The illustrated novella by Neil Gaiman (originally published by DC Comics) is reportedly “an adult fairy tale”. This G-rated movie is littered with sexual innuendoes and semi-nudity – the one night stand between Dunstan Thorne and Una, the bathing scenes of Yvaine and the King’s eldest son Primus (Jason Flemyng), who was killed in his bath and so appears naked (with a towel) as a ghost. And then there is the beautiful Lamia disrobing and of course, Tristan and Yvaine’s climactic night at the inn.
Moreover, gratuitous violence is everywhere. The King exhorts his sons to kill each other. Presumably, five of the sons died of fratricide while two were killed by the wicked witch Lamia. Lamia also killed Ditchwater Sal, the witch who enslaved Una.
Interestingly, while Hamlet’s ghosts provide suspense and drama, Stardust’s princely ghosts provide humor. The dead brothers act like the Chorus in ancient Greek dramas.
Between the gratuitous killings and the sexual hints comes the comic relief — Captain Shakespeare (gamely played by Robert De Niro). The notorious and much feared pirate Captain Shakespeare goes beyond Capt. Jack Sparrow. While Sparrow sports long hair, wears eyeliners and has effeminate moves, Captain Shakespeare is a closet gay, whose closet is full of Broadway-ish costumes for women.
Captain Shakespeare is what you get when you let Capt. Jack Sparrow skipper Baron Münchhausen flying ship.
Capt. Shakespeare’s ship caught the falling star – in human form – and her male companion. It turns out that the notorious captain is not only a Broadway star wanna-be, but is also a superb dance, piano and fencing instructor. He taught Tristan how to fence. In a matter of a few days, the inept fencer became a master swordsman. The captain taught Yvaine how to play the piano and taught both of them how to dance the waltz. Yvaine, the star lady began to glow, as stars do.
THE STAR and OTHER STARS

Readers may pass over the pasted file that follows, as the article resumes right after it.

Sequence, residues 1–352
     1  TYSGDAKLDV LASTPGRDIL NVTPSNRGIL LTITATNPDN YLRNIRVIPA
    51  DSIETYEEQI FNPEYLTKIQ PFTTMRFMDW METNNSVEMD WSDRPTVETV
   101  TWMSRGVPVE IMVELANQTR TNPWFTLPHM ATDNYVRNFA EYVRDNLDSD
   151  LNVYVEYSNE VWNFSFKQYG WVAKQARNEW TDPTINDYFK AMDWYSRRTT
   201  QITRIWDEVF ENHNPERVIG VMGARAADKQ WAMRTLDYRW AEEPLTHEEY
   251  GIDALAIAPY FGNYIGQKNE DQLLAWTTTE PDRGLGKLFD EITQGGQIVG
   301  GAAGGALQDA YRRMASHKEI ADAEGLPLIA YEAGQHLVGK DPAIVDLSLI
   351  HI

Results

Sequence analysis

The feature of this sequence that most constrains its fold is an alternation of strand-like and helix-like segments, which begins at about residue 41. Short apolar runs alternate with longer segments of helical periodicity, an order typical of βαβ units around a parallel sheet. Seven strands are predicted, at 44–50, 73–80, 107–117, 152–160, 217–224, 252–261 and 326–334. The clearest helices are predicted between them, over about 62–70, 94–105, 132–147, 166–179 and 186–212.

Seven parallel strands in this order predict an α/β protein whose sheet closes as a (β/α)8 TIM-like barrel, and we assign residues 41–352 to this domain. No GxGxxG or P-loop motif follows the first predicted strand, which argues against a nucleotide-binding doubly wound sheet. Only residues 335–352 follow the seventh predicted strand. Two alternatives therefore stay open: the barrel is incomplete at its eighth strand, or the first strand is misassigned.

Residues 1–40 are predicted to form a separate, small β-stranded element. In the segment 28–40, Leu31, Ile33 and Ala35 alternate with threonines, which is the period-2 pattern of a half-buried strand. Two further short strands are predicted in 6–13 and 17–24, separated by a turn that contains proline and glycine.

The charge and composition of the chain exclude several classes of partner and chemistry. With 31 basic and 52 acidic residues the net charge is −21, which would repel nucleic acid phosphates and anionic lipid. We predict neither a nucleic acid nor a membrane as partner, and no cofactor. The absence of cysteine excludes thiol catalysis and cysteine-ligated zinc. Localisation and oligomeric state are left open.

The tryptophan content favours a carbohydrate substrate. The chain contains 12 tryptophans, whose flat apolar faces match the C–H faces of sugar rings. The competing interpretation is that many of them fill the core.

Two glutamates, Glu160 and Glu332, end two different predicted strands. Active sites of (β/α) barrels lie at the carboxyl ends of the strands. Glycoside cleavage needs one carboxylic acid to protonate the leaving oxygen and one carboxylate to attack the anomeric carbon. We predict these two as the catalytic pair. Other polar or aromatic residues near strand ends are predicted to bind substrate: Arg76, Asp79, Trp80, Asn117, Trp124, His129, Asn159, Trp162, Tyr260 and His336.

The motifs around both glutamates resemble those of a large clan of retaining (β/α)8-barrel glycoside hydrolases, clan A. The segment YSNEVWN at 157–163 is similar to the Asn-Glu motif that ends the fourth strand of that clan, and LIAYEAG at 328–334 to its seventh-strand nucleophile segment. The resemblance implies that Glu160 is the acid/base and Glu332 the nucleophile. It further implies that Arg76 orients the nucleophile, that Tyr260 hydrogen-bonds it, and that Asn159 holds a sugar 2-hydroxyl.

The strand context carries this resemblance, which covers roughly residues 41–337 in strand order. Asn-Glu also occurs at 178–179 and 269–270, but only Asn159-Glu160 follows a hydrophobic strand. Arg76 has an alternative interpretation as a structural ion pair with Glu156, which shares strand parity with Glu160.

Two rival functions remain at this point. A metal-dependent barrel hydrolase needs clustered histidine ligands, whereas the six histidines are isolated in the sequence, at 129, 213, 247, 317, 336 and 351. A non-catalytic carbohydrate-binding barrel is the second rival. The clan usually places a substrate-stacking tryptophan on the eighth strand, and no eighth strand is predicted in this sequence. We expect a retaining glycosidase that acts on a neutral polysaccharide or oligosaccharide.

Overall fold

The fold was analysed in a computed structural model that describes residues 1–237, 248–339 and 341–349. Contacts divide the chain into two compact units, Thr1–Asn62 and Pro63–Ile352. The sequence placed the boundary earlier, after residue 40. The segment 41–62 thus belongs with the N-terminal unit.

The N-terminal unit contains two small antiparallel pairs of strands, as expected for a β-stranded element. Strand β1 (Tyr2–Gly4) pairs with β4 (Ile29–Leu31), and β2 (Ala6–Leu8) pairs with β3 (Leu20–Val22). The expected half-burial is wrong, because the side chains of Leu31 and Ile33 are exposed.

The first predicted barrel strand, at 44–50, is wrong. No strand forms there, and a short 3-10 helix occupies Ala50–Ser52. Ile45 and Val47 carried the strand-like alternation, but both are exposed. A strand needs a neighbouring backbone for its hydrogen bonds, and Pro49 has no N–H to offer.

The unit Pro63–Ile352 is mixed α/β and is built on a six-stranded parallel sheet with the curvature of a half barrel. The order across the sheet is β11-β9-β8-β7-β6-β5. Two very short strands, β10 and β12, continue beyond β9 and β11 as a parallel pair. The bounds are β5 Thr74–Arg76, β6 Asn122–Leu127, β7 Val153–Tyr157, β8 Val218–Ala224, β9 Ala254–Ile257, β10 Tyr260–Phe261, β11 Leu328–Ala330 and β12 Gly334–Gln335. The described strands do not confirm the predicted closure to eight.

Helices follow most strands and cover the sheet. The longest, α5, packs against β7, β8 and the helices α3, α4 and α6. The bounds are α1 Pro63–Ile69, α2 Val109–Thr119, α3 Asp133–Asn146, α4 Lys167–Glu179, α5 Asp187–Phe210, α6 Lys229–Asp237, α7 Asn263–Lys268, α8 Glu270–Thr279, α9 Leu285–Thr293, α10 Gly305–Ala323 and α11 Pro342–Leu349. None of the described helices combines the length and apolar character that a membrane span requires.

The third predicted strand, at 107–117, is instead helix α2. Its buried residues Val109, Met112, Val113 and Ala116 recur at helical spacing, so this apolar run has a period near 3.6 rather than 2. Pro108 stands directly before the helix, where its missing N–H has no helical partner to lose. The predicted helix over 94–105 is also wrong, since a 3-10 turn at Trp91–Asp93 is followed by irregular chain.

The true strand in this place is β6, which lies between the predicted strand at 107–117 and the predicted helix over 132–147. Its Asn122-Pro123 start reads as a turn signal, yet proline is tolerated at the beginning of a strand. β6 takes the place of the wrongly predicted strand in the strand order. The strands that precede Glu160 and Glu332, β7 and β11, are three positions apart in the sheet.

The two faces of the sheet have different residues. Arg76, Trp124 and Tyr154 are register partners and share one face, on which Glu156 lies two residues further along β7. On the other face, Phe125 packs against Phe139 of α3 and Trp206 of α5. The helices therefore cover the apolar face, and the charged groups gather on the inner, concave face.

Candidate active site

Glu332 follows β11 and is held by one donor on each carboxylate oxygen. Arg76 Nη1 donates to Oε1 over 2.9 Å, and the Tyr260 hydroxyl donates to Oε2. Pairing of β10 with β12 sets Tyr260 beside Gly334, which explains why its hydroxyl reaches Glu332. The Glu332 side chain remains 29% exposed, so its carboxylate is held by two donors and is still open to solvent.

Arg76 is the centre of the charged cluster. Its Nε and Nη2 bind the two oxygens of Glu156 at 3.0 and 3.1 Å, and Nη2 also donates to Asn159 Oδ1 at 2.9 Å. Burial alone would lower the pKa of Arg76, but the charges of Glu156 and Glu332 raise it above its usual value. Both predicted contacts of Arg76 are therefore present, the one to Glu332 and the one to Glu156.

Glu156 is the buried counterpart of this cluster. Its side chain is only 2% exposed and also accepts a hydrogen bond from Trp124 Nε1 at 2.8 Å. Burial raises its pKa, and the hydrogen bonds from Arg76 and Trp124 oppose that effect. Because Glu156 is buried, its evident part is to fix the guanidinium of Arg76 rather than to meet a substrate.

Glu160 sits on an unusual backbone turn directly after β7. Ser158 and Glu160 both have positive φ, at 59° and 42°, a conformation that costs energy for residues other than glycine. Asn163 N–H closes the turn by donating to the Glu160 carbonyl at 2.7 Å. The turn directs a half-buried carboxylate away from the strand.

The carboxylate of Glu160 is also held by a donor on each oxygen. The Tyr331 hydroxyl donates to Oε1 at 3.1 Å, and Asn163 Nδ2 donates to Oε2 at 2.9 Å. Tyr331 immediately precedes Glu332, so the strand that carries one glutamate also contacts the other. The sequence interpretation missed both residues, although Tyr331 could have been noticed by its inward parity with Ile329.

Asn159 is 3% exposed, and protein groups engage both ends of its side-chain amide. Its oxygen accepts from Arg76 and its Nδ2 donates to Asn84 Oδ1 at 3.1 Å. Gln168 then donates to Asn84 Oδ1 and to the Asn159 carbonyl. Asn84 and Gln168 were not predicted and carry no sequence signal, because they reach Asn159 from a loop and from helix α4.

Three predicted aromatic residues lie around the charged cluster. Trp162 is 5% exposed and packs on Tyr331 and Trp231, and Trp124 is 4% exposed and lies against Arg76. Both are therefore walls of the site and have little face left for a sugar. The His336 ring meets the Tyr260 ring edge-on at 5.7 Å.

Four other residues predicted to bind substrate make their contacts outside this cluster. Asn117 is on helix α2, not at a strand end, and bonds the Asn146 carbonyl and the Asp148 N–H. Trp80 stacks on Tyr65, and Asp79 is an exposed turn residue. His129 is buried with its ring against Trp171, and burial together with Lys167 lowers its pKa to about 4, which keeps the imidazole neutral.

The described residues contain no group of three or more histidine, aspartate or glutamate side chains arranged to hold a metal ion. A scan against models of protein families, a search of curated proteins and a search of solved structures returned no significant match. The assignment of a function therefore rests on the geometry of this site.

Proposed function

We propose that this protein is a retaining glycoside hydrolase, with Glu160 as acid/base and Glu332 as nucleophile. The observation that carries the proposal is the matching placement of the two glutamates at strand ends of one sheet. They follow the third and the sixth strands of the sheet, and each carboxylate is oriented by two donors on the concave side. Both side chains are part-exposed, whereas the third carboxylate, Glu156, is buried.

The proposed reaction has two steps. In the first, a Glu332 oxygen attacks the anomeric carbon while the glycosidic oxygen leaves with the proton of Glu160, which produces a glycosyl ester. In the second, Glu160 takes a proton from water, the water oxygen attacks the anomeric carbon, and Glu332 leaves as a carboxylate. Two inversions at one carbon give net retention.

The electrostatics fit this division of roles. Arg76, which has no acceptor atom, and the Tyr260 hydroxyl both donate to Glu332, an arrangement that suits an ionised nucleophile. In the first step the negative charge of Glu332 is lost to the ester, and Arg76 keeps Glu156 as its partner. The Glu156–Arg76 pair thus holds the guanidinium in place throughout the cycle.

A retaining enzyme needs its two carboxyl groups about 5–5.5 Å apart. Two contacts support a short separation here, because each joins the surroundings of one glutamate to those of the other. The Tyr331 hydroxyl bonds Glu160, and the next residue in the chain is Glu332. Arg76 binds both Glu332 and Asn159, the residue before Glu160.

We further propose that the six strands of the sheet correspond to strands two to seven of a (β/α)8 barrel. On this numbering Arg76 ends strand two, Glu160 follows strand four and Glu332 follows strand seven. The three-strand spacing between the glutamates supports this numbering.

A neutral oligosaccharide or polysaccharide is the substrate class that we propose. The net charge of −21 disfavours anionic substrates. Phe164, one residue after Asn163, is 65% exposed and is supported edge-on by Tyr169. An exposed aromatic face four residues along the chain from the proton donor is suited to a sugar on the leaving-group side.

Claire Danes is the star lady. Although Danes is an American, she spoke with a heavy British accent in the film. She should not have because Yvaine is not British, she is a STAR. It would have been better if she spoke in an accent dissimilar to the other characters.
The other non-British stars of the film, Robert de Niro and Michelle Pfeiffer, spoke with an American accent. This is alright because their characters live in the fantasy land of Stormhold — not in England — even if most of Stormhold’s residents also speak with a British accent.
The lead actor Charlie Cox, although relatively unknown, stood his ground fairly well against his famous co-stars. He even outshines star lady Claire Danes.
Michelle Pfeiffer has the meatier villainess role. And she had the opportunity to show off her enduring beauty. The other beauty, Sienna Miller, has only a small supporting role.
Because of the role’s unexpected character, Robert De Niro gets the most nods from viewers and critics. It is very funny seeing the very macho De Niro cross-dressing. However, it seems like the actor was self-conscious about it.
The idea of a star falling on Earth and taking a female human form can be exciting. But the stories woven around it are trite, unoriginal and too many. Many of the characters are undeveloped and so many acting talents wasted – Sienna Miller, Ben Barnes, Nathaniel Parker, Rupert Everett, etc.
Despite its huge budget (65 – 70 million dollars), a supporting cast of good actors, a story with falling stars, flying ships, wicked witches and fratricidal princes, the movie simply lacks magic.
CATCH A FALLING STAR
Tristan wanted to catch a falling star to give to his beloved Victoria. He did not get his Victoria but he got his star and much more – a queen, a long-lost mother and a magical kingdom.
Catching a star to inherit a kingdom and gain a lover might be too far-fetched for us lesser mortals. However, we can still follow the advice of Perry Como:
“ Catch a falling star an’ put it in your pocket /
Save it for a rainy day! /
For love may come and tap you on the shoulder,
Some star-less night! /
An’ just in case you feel you wanta’ hold her,
You’ll have a pocketful of starlight!”
Published in the Mr. & Ms. Magazine, Dec 2007 – Jan. 2008